Downtown didn’t just happen. The Miller Plaza district, the Riverfront, Coolidge Park, the Riverwalk, the Southside, The Aquarium and its Plaza; these places didn’t just spring up. These places are the result of years of work by hundreds of students, dozens of professionals, multiple public agencies, and thousand of citizens (not to mention the decades of work by previous generations in establishing the city). Unfortunately, our country has been conditioned to think like my doctor. We look for the pill with the full understanding that there are side effects, but with the mindset of dealing with them later (with another pill). We have quit trying to deal with the root issues of problems because it is hard work.

Beer and Cigars, I'm gonna miss....wait, who am I kidding.
Remember what I said about quality of life?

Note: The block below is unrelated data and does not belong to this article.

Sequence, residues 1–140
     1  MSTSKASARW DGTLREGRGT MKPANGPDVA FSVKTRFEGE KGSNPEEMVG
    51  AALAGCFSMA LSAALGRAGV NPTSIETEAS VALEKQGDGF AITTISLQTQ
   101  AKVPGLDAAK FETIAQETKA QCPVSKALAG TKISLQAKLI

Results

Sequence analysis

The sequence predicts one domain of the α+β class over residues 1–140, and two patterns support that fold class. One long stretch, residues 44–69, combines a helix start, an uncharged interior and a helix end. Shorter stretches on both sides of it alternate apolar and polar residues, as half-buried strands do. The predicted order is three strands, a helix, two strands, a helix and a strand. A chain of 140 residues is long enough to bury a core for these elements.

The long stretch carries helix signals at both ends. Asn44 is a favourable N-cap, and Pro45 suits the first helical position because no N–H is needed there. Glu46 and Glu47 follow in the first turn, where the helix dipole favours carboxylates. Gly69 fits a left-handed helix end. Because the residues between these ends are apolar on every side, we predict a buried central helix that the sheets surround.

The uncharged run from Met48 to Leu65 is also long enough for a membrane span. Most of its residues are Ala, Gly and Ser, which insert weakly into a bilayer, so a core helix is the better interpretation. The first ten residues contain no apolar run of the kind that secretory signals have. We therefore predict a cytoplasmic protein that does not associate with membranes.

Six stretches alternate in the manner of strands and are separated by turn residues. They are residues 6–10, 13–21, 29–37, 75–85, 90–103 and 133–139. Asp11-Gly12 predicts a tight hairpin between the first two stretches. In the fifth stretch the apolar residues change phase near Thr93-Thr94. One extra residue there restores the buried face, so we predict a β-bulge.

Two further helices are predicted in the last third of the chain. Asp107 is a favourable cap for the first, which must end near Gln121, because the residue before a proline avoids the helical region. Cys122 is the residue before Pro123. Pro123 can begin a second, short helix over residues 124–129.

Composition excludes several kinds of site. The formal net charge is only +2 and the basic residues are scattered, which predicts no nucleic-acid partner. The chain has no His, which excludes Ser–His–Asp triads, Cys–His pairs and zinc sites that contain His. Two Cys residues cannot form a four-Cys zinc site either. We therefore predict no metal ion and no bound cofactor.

I thought about the parallels between my current problem and an ongoing issue for many cities. My doctor has diagnosed a problem (high cholesterol), and as treatment can choose to treat the symptom (with a pill) or work hard to attack the cause (changes in diet and exercise). A city identifies what they see is a problem (traffic congestion), and as treatment can choose to address the supply side (by adding lanes and facilities) or work hard to address the demand side (organize the city in a way that puts life’s daily tasks in closer proximity to one another). Taking the pill may lower my cholesterol, but it puts me at risk for a host of other maladies. Adding lanes may reduce traffic for an instant (not for long, however, due to induced and diverted traffic), but the side effects of that decision are debilitating. We are already unable to maintain the burden of our massive infrastructure, yet we build more. The more roads we build, the worse our quality of life is- we lose man hours stuck in a car, we lose potentially productive land, and we lose civic identity. Rebuilding our cities and reassessing our transportation philosophies will be hard work. Kunstler suggests that resource shortages will force this work upon us whether we want to undertake it or not. Whether forced or voluntary, hard work is the only thing that will make us healthy in the long term.